Extending the Amazon Label

For the most part, in this episode, I’ve been focusing on the image of the Amazon using that name. There is a larger context of individuals or groups of warrior women within patriarchal societies that aren’t directly connected with the Greek legends of the Amazons, but perhaps where westerners applied that label when encountering them.

While Amazons had been restricted to literature for many centuries, during the age of European explorations, imaginations were piqued by the possibility of discovering genuine colonies of women warriors. In an early 16th century sequel to the medieval romance Amadis of Gaul titled The Adventures of Esplandián, Garci Rodríguez de Montalvo writes, “Know ye that at the right hand of the Indies there is an island called California, very close to that part of the Terrestrial Paradise, which was inhabited by black women without a single man among them, and they lived in the manner of Amazons. They were robust of body with strong passionate hearts and great virtue.” These Amazons were ruled by a queen named Calafia, who takes her army of women warriors, mounted on griffins, to join a battle at Constantinople.

Fiction and reality cross streams, for when Hernán Cortés and his men were poking around the west coast of Mexico, they mistook a long peninsula for an island and named it California after the mythic land. Although it doesn’t appear that Cortés encountered any female warriors, the situation was different when a 16th century colonizing expedition in South America led by Francisco de Orellana was attacked by a band led by women, resulting in the river there being dubbed Rio Amazonas.

Europeans encountering troops of fighting women in Dahomey and other places in Africa, were quick to label them “Amazons” as well, though without an assumption that the represented a gender-separatist culture.

A 17th century account of a Persian court tells that the shah’s harem “went hunting with him dressed as Amazons,” by which we might understand that they appeared to be dressed in masculine clothing for masculine-coded sports. There were traditions of warrior women in Arabic literature, similar to European literature. Both Sahar Amer and Samar Habib discuss the motif of the warrior woman within medieval Arabic literature, identifying the figures as Amazon-like, although the Arabic terms are different. These figures are sometimes depicted as rejecting men and desiring women.  They also often appear as non-Muslim, and the stories’ resolutions typically involve both a religious and sexual conversion to “orthodoxy”, similar to the heteronormative resolutions found in medieval European literature. An example of this character type appears in the story cycle of Dhāt al-Himma in the figure of Nūrā.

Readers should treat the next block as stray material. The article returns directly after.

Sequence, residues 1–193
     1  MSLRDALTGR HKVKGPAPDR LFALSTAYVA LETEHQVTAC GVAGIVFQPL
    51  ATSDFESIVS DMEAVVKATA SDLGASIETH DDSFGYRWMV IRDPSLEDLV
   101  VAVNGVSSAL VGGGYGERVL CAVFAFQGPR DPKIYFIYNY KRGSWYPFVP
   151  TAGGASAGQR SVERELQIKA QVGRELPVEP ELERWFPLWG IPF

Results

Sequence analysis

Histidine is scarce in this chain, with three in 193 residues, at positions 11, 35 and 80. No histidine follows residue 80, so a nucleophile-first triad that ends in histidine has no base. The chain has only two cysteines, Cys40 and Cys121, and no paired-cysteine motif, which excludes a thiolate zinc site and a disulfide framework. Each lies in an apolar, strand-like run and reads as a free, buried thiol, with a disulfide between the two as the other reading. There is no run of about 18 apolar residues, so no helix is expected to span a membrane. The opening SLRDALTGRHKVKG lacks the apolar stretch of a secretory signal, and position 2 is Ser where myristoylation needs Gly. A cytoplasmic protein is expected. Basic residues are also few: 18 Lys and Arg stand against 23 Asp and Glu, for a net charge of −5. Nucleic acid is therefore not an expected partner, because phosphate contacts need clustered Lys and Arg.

Amazons and Lesbians

While modern popular culture, in our more progressive age, tends to see the image of the Amazon as inevitably linked with the idea of same-sex relations, we can see that across history those motifs have played something of a coy dance with each other. Stories of separatist societies of warrior women did not necessarily interrogate the question of what that meant for sexual desire. And when Amazons did have homoerotic encounters in literature, there often seems to be an underlying explanation that it is due to their masculine natures. One book I wish I’d had time to read for this episode looks like it addresses those questions in more detail. This is Kathryn Schwarz’s Tough Love: Amazon Encounters in the English Renaissance. She notes, “Imagined as embodiments of female masculinity, Amazonian figures stimulated both homoerotic and heteroerotic response…[and] their appearance in narratives disrupted assumptions concerning identity, gender, domesticity, and desire.”

While modern Amazonian fictions such as Xena: Warrior Princess and Wonder Woman in many ways continue the long tradition of the Amazon as a disruptive figure in conventional action-adventure tales, they also bring in—with varying degrees of overtness—a much stronger assumption that homosociality breeds homoeroticism, and that women warriors aren’t necessarily just waiting around for that annual procreative meet-up with the men who are excluded from their society.

Show Notes

In this episode we talk about:

Links to the Lesbian Historic Motif Project Online

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Saturday, March 2, 2024 - 07:00

Lesbian Historic Motif Podcast - Episode 281 - On the Shelf for March 2024 - Transcript